Our Own ‘Implicate Order’

We are intimately familiar with something akin to an ‘implicate order’ giving rise to our thoughts and our feelings. We know that we are predisposed to particular types of thinking. We know that our particular type of thinking is profoundly shaped by our past experience. We might characterize ourselves as a ‘glass half empty’ kind of thinker or, as a ‘glass half full’ kind of thinker. Our personal past, and ongoing real time experience continuously gives rise to an implicate order that then processes new experience. The processing is entirely guided by patterned types of thinking. Our extraordinary mind system organizes information in just such a way that we are inclined to negotiate the moment with our particular ‘style’.

In Bohmian terms then, thoughts, feelings, and the like, ‘materialized’, now evident as brain activity, emerge in the explicate order. They are reflections of adaptation ‘in-formed’ by the dynamic activity of the implicate order. Furthermore as we entertain those thoughts (accompanied by feelings and the like) the patterns fueling the activity of the implicate order are influenced. Picture a whirlpool; the explicate order in-forms the implicate order which in-forms the explicate order, which in-forms the implicate order…. The question we explore here is how do we safely, effectively and most profoundly influence this dynamic activity.

Our Own ‘Implicate Order’ Gives Rise to ‘Subjectivity’

Subjectivity is a handy term which captures the complexity of our experience as individuals. It allows us to take into account our thoughts, our emotions,  our perceptions and our  sensations, all of which, collectively, constitute our moment to moment experience. It renders discussion of a mind-body duality moot. Subjectivity is an ‘emergent phenomena’ arising under particular conditions given the operation of entirely idiosyncratic processing systems  in ever-changing contexts.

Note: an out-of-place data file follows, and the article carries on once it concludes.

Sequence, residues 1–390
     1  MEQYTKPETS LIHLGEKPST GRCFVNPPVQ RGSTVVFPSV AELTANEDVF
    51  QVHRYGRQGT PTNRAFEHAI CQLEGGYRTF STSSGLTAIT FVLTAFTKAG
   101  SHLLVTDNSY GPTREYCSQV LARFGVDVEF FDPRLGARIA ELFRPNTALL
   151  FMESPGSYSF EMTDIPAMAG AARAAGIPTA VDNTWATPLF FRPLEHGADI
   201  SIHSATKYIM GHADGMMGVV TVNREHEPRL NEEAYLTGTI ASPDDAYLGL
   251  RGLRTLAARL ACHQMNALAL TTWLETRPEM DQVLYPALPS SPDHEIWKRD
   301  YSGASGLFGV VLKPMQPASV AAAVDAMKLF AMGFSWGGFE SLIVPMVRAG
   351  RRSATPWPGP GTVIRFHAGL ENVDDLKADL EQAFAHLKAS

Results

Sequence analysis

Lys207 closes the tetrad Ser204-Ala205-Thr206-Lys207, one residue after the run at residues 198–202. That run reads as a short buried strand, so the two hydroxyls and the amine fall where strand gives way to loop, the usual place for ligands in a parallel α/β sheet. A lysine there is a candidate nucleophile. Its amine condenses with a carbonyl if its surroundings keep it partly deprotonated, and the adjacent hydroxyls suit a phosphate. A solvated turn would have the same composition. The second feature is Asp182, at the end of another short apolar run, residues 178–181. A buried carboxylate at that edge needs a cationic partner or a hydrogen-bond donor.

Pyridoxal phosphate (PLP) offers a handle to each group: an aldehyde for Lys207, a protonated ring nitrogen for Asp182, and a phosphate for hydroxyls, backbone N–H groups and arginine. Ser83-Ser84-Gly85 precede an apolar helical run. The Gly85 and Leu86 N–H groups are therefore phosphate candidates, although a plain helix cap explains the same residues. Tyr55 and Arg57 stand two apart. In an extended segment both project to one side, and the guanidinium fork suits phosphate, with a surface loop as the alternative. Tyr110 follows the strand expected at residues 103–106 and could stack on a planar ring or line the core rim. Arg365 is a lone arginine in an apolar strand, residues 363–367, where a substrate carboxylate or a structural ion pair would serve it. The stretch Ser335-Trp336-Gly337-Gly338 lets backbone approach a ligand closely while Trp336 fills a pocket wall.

Patterns which have evolved from prior to birth drive potential responses to new stimuli. You enter a room and selectively note some things, not others. You selectively orient yourself towards (some) things, not others. This ‘noting of’ and ‘orientation to’ things is driven by the quality and character of past experience. You remain in the room and may engage some things directly or  screen some things from your awareness as not worthy of note (do you really need to take note of the geometry of the grid holding ceiling tiles in place?) 

From moment to moment as we navigate the environment within which we find ourselves we are aware only of the fruit of our personal processing system. Our personal processing includes the application of filters and the deployment of ‘templates for action’ ( a term coined by Henry Stapp, see Mind, Matter and Quantum Mechanics). Our filters constrain what we ‘consciously’ see, hear, taste,  and otherwise sense. Our templates for action carry information and adaptive patterns that will assist our negotiation of the moment. We are not aware of the operation of our personal processing system, only the fruit of it’s application.

Psychology theory and practice must address itself to the wholly idiosyncratic system giving rise to the experience of every individual it would seek to understand and help. Read the rest of this entry →

Infancy: The Birth of an ‘Implicate Order’

Imagine a world where literally, all things in your environment are equally important to you; lint on the blanket you hold, the rustle of the curtain framing your window, the sound of footfall increasing in volume as a figure seems to grow within your field of vision. If all things are of equal value, then no things have particular value.

Babies are awash in a sea of experience. Babies begin to bundle experiences by association. The sound of footfall comes to be, hopefully, associated with being lifted from one positon, e.g. laying in a basinet, to another, e.g. the shelter of the crook of a neck. The rustle of a curtain comes to be associated with variations in brightness, ambient temerature or perhaps, more or less pleasant auditory input (birdsong or traffic).

Associative links emerge spontaneously from moment to moment. Potential links exist ‘in’ the implicate order. As linkage proves useful to the system repeatedly, the likelihood that those links will structure data retrieval in the future increases. With accumulated experience, something akin to an architecture for data management develops. This architecture, however is not static. With repeated use, it has the appearance of being static, hence we talk about ‘the architecture’ of the system but the architecture is ever evolving. It appears to be a self organizing system for data management (for an excellent treatment of self organizing systems in general, see At Home in the Universe).